Our political leaders have agreed in terms to a massive stimulus package to help combat the damage the Coronavirus is raging against the United States economy. The deal that was settled late Tuesday night still must be voted upon by both the House and Senate. When that vote will be, is still up to debate as many are saying as soon as later today to later this week. The deal included $2T in stimulus and $4T of liquidity provided by the Federal Reserve. One major reason for the $4T in the stimulus package is for the Federal Reserve to provide liquidity to banks that are seeing a drawn in credit lines by corporations around the country.
According to Bloomberg news, here are some of the provisions:
- Big Businesses: About $500 billion can be used to back loans and assistance to companies, as well as state
- and local governments.
- Airlines: $25 billion in strings-attached grants and $25 billion in loans to passenger carriers, $3 billion to airline contractors providing ground staff such as caterers, while cargo haulers would see $4 billion in grants.
- Small Businesses: More than $350 billion to aid small businesses.
- Hospitals: A $150 billion boost for hospitals and other health-care providers for equipment and supplies.
- Individuals: Direct payments to lower – and middle-income Americans of $1,200 for each adult, as well as $500 for each child. Senate Minority Leader, Chuck Schumer, said checks would be cut April 6.
- Unemployed: Unemployment insurance extension to four months, bolstered by $600 weekly. Eligibility would be expanded to cover more workers.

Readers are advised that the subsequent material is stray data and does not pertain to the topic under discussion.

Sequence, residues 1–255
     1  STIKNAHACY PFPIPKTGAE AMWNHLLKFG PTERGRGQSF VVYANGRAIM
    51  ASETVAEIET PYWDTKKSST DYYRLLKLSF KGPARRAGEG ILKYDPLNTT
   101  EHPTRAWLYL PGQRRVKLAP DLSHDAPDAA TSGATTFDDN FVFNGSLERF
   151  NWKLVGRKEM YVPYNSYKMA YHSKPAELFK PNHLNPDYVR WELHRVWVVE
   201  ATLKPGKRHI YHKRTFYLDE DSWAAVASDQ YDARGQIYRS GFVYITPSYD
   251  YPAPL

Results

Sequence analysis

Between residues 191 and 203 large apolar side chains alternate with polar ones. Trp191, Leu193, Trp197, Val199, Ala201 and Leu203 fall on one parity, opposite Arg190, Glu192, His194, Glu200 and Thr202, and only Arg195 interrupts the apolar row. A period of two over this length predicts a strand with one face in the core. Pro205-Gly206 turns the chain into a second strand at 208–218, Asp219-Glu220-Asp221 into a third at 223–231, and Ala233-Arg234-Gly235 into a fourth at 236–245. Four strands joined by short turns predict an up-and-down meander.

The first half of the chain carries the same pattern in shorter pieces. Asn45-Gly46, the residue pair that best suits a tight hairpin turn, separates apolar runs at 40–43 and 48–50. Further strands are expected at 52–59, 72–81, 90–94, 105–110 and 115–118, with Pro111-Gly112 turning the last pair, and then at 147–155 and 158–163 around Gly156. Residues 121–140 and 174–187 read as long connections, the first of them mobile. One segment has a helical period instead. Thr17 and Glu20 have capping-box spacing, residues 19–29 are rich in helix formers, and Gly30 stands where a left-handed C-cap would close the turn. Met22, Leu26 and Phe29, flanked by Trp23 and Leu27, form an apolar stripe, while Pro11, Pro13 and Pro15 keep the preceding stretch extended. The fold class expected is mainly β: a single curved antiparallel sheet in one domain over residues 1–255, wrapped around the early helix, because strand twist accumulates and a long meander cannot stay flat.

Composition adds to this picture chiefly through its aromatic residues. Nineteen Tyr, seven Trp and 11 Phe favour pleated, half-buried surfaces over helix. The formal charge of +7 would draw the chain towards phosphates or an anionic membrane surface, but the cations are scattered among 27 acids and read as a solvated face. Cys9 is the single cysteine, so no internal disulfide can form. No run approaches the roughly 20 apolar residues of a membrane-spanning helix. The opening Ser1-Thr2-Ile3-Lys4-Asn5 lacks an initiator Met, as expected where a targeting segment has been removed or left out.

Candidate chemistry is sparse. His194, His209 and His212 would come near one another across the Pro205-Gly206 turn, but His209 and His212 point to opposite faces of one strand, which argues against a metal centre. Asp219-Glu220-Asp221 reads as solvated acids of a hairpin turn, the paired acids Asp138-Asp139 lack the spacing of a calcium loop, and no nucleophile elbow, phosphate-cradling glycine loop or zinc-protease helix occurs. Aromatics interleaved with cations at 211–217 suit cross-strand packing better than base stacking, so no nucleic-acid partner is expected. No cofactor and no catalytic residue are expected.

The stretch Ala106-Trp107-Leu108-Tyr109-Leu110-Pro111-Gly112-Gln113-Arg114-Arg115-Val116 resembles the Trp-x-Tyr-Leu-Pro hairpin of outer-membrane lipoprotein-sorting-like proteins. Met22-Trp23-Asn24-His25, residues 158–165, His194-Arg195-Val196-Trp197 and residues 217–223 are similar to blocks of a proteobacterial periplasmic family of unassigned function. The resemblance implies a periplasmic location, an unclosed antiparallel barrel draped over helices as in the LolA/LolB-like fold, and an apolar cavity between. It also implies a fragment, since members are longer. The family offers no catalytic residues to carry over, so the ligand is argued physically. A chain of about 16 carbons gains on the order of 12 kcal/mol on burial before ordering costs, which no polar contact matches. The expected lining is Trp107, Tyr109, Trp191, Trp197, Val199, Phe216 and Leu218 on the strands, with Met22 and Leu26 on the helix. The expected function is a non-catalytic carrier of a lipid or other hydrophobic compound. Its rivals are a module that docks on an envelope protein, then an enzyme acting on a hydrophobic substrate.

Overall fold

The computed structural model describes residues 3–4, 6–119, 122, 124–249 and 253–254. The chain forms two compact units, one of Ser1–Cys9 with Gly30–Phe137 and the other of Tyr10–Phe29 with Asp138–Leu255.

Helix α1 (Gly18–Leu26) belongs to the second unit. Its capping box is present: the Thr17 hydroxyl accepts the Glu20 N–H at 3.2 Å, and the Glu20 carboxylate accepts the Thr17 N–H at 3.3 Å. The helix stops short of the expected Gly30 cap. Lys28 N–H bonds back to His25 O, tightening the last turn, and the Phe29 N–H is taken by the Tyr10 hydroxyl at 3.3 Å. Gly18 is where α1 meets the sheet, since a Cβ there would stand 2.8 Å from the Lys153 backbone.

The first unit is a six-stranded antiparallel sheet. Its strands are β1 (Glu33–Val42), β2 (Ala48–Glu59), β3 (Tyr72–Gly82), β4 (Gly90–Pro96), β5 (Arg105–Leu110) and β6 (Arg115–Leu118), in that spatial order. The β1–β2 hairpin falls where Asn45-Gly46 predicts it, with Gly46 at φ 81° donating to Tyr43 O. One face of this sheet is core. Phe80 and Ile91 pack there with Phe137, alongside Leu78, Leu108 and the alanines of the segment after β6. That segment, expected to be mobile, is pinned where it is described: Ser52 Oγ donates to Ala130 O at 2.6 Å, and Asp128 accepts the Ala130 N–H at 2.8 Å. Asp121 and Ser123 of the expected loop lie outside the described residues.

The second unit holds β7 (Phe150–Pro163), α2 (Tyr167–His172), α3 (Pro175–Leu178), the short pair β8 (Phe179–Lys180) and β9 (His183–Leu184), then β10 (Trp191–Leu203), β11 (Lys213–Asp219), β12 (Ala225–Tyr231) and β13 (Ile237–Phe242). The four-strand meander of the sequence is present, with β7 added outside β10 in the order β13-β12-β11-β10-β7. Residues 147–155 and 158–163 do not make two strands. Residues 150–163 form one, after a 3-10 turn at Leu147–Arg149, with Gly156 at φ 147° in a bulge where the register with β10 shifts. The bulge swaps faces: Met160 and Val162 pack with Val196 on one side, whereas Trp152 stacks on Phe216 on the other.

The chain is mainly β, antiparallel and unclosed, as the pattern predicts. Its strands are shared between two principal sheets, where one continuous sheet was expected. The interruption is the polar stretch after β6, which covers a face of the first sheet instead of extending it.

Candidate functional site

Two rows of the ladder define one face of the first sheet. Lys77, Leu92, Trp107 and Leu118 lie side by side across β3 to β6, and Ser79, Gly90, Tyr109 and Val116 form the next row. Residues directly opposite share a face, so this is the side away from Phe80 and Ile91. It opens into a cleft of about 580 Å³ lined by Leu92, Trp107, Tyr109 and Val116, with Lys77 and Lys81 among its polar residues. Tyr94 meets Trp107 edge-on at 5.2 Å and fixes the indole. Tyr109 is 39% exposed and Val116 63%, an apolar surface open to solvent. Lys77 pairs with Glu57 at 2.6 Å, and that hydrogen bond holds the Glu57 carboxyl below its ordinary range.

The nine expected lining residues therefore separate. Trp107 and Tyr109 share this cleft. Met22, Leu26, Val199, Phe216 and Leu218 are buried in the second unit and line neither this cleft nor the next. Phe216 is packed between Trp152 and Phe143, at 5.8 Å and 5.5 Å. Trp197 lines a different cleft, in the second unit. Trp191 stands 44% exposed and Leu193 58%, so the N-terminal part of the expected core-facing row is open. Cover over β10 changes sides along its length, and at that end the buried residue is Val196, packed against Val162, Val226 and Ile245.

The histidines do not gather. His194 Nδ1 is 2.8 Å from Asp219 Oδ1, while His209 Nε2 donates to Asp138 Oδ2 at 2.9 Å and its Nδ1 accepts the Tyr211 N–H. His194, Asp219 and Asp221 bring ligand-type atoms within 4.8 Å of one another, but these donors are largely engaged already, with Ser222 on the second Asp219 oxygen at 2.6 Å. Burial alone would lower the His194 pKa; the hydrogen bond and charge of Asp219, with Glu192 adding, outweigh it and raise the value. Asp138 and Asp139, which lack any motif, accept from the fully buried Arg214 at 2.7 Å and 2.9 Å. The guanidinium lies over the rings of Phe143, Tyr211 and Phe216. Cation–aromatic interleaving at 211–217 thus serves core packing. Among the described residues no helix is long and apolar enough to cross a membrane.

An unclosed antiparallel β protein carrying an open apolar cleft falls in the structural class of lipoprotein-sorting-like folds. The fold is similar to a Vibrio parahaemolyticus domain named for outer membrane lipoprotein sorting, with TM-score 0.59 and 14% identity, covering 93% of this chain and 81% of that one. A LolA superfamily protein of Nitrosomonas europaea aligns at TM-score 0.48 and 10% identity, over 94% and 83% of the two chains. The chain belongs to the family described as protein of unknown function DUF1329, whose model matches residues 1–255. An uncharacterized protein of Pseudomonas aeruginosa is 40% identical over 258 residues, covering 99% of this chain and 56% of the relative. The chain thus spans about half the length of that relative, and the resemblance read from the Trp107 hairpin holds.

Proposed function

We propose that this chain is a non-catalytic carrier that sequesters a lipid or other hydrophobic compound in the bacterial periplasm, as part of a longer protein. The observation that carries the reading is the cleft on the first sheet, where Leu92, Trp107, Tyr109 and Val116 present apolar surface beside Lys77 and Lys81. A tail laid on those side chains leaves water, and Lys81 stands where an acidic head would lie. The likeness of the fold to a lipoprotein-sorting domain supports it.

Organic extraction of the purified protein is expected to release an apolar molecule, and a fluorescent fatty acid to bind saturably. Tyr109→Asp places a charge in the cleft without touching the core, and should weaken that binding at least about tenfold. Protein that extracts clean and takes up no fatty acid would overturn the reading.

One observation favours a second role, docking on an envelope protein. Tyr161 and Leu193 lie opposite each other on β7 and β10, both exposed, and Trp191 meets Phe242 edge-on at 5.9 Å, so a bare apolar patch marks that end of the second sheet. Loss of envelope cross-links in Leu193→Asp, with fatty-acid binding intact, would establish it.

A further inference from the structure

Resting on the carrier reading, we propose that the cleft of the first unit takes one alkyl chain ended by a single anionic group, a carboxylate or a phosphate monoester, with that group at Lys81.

- Restrictions on Business Aid: Any company receiving a government loan would be subject to a ban on stock buybacks through the term of the loan plus one additional year. They also would have to limit executive bonuses and take steps to protect workers.
The stock market has responded favorably to the news thus far with the Dow rallying over 11% from the day before. More importantly, corporate bond spreads have tightened (decreased) since the news has been released. We have been monitoring corporate bond spreads at The CICA since the beginning of the crisis. According to the St. Louis Fed FRED data, the ICE BofA US HY Index Option- Adjusted Spread closed at +403 (https://thecica.com/weekly-report-recap-week-of-january-27th-2020/). This means that the difference in yield of Treasury securities and HY debt of similar maturities averaged 4.03% higher. A simple example would be, if the most recently auction 5-year US Treasury is yielding 1.5% and the BofA HY index is +403, the average 5 year HY is yielding 5.53% (4.03 + 1.5). As spreads increase, the ability of some corporations (especially high yield companies’) to service their debt decreases. Yesterday, the BofA HY closed at +1,113, or 11.13% according to St. Louis FRED, meaning that if the 5-year US Treasury is trading at .55%, the average HY is 11.68%. A move from +403 to +1,113 means that the market value of the bonds for HY companies has substantially decreased and the amount of real dollar output to service their debt payments has substantially increased. However, after the announcement of the stimulus deal the price of the HYG ETF is up over 5% (when the price of the ETF increases it means the price of their bonds has also increased and the spread has decreased) which, suffice it to say, is good news. One update that we will be monitoring going forward is the price yield of 1-mo and 3-mo Treasury -Bills that have been trading at negative rates. As a former Bond/Money Market Mutual fund manager this can be potentially problematic for investing cash on hand. It also can increase the demand for repurchase agreements which has already been stressed since the beginning of the year.